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China bars detained scholar from lawyer

Gao Zhan
Gao was arrested for "undermine state security". China says she has confessed  

BEIJING, China -- China has refused to allow detained academic Gao Zhan to meet her lawyer.

Gao, a permanent U.S. resident and an ethnic Chinese sociology researcher teaching at the American University in Washington, was arrested in China on spying charges.

She has been held incommunicado since she was separated from her husband Xue Donghua and son as they were about to leave Beijing on February 11.

But China's Ministry of State Security has repeatedly denied Gao's lawyer, Bai Xuebiao, access to his client, a U.S.-based human rights group said.

Husband's letter

In a bid to secure her release, her husband has written to U.S. President Bush asking for a meeting and urging him to use diplomatic pressure, the New York-based Human Rights in China said.

Xue said in the letter Gao had a heart problem and he was concerned about her health as well as the wellbeing of 5-year-old Andrew.

The United States has repeatedly urged China to free a number of academics it has been holding.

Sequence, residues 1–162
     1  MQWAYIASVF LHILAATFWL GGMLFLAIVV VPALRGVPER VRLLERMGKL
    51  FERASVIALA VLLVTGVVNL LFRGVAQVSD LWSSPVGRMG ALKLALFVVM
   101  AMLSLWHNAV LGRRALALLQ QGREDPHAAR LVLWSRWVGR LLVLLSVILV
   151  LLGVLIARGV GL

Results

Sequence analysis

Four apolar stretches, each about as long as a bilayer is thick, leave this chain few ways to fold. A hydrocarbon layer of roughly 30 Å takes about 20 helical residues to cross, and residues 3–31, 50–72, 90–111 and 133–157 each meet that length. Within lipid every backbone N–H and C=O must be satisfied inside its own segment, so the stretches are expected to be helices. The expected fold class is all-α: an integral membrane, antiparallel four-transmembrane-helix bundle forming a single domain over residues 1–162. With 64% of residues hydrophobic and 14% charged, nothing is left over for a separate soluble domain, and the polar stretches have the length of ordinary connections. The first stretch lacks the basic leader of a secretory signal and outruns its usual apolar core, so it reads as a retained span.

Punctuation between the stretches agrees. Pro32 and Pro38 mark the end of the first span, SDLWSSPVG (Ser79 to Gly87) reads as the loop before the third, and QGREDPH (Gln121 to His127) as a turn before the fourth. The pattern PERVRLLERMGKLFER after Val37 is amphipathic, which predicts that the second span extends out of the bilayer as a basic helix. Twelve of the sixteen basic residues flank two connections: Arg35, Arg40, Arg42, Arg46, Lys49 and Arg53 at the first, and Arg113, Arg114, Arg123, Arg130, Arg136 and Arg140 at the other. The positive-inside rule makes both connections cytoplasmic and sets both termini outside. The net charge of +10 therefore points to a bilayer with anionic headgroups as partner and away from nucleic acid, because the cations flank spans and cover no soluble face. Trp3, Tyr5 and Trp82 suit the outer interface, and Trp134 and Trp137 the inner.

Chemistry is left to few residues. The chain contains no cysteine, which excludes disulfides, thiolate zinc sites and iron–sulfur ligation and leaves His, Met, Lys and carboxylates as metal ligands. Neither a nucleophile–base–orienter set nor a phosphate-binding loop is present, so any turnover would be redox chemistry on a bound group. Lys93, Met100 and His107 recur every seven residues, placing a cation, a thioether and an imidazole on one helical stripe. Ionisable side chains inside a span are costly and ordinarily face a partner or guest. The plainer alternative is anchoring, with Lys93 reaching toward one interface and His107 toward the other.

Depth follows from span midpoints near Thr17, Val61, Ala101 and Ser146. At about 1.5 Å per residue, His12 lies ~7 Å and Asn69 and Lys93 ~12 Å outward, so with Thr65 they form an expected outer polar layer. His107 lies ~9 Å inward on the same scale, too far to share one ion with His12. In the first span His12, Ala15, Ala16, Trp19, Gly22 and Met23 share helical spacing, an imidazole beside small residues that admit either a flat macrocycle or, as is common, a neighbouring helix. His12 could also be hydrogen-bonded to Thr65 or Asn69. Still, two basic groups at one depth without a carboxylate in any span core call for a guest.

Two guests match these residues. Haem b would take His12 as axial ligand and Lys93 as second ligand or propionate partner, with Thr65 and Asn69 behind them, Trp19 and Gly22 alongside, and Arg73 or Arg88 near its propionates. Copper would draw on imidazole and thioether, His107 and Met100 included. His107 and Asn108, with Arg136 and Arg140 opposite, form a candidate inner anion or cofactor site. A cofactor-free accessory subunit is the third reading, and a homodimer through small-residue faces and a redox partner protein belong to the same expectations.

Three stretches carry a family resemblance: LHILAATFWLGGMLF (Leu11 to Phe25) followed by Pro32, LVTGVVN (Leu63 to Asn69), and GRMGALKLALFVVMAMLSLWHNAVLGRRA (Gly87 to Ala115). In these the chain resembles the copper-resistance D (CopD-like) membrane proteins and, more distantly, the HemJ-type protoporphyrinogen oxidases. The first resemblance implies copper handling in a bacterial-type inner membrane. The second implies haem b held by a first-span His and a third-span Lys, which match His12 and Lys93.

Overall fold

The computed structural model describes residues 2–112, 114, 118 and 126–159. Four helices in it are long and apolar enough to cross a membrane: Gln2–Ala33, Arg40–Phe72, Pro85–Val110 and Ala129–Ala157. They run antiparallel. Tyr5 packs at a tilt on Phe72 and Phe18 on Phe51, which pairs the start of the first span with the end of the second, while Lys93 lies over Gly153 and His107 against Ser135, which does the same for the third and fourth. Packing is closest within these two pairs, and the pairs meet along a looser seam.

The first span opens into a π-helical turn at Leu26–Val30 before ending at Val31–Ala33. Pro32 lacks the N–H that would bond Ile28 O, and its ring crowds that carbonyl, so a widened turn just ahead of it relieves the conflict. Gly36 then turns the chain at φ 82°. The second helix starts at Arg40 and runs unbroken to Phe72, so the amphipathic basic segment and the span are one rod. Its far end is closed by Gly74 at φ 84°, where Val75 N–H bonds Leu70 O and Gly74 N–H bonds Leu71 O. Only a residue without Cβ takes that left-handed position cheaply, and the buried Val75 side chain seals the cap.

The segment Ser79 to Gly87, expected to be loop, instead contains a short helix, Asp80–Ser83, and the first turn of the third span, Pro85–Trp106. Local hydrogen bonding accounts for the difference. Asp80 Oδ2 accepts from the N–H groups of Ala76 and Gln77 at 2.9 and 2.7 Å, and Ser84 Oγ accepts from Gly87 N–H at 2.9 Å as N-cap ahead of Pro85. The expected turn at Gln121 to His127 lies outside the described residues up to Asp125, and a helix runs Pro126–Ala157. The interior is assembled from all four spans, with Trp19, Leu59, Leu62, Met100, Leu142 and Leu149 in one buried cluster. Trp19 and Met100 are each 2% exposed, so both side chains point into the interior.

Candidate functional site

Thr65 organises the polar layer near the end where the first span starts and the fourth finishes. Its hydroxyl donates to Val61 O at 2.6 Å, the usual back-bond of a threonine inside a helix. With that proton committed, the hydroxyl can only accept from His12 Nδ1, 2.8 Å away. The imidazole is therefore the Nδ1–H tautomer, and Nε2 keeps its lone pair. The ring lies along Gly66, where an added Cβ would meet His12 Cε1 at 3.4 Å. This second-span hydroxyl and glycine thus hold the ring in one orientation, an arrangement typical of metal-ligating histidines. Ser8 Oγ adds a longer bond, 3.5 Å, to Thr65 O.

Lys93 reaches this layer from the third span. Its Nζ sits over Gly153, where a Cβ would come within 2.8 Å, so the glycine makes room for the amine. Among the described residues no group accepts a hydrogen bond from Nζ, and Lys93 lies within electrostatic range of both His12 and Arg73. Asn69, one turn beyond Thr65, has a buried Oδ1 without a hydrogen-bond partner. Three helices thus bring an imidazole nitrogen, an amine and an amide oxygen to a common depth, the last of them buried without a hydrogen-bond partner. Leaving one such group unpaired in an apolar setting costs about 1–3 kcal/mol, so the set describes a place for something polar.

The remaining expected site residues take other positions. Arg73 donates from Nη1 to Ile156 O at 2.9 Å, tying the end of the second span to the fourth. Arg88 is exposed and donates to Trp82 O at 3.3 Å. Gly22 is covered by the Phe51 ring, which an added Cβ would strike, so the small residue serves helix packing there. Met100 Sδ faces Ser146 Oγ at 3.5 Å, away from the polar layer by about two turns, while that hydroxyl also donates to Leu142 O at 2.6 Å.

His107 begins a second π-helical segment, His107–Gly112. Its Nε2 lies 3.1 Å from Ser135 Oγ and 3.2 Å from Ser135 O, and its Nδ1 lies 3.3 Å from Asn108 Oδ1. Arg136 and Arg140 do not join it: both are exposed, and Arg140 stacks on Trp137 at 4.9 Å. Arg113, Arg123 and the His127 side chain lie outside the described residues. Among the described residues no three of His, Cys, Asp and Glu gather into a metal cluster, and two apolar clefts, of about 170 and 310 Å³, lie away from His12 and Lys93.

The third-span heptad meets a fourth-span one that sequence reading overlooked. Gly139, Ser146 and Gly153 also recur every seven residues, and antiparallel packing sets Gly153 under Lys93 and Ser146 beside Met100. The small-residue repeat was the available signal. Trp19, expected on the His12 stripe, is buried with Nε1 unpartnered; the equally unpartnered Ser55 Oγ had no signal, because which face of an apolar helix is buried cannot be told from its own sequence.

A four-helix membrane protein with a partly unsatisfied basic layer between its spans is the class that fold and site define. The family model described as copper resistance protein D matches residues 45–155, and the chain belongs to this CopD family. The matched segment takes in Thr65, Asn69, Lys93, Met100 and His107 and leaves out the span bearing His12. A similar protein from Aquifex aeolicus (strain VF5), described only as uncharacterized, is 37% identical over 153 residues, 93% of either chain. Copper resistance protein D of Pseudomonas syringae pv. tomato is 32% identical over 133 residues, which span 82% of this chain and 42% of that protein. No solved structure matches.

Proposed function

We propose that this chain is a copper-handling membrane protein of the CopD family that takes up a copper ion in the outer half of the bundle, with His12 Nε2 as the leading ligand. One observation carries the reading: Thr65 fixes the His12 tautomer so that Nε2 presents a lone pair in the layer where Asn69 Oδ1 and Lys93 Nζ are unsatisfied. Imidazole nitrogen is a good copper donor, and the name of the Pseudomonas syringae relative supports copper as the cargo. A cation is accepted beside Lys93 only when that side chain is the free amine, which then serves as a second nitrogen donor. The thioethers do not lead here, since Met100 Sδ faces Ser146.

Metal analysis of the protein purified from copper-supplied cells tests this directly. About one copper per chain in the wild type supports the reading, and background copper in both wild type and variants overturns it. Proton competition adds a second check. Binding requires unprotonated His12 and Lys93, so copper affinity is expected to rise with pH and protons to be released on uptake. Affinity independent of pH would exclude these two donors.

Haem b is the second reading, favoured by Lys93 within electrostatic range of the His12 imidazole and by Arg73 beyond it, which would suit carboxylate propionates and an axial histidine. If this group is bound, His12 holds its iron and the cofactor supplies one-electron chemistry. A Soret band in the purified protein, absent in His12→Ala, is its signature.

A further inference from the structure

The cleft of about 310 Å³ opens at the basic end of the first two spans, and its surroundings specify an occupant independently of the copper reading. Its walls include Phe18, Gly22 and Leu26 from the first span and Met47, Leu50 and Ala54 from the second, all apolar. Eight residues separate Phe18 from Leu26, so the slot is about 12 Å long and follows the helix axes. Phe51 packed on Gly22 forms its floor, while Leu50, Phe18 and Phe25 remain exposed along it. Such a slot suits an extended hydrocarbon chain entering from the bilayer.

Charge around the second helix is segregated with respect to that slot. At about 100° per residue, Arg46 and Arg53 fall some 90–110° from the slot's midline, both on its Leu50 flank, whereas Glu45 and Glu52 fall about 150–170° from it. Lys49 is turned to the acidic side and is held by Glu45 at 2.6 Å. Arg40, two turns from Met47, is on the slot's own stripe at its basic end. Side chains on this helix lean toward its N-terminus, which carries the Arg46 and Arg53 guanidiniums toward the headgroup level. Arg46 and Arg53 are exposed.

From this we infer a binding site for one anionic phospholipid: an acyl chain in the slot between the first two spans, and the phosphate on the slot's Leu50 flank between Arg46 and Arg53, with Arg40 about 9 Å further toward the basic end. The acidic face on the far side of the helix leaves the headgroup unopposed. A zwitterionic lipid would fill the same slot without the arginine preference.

On Monday it urged China again to free Gao and three other academics, including two U.S. citizens, after an embassy official in Beijing visited one of them.

State Department spokesman Philip Reeker said the United States had raised the case of Gao, another permanent U.S. resident, Tan Guangguang, and the two U.S. citizens, Li Shaomin and Wu Jianmin, as recently as April 26.

Some analysts have said Beijing may suspect the academics of links to "The Tiananmen Papers," a book that claims to reveal debates that led to Beijing's 1989 crackdown on pro-democracy protests around Tiananmen Square in which many civilians were killed.

Reuters contributed to this report.

China detains another scholar: rights group
April 9, 2001
Second meeting between diplomats and U.S. detainees completed
April 6, 2001
Taiwan at center of scholar spying allegations
March 29, 2001
Detained Chinese scholar confesses to crimes: Beijing
March 23, 2001

Human Rights In China
Xue's letter to Bush
Chinese Foreign Ministry

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4:30pm ET, 4/16

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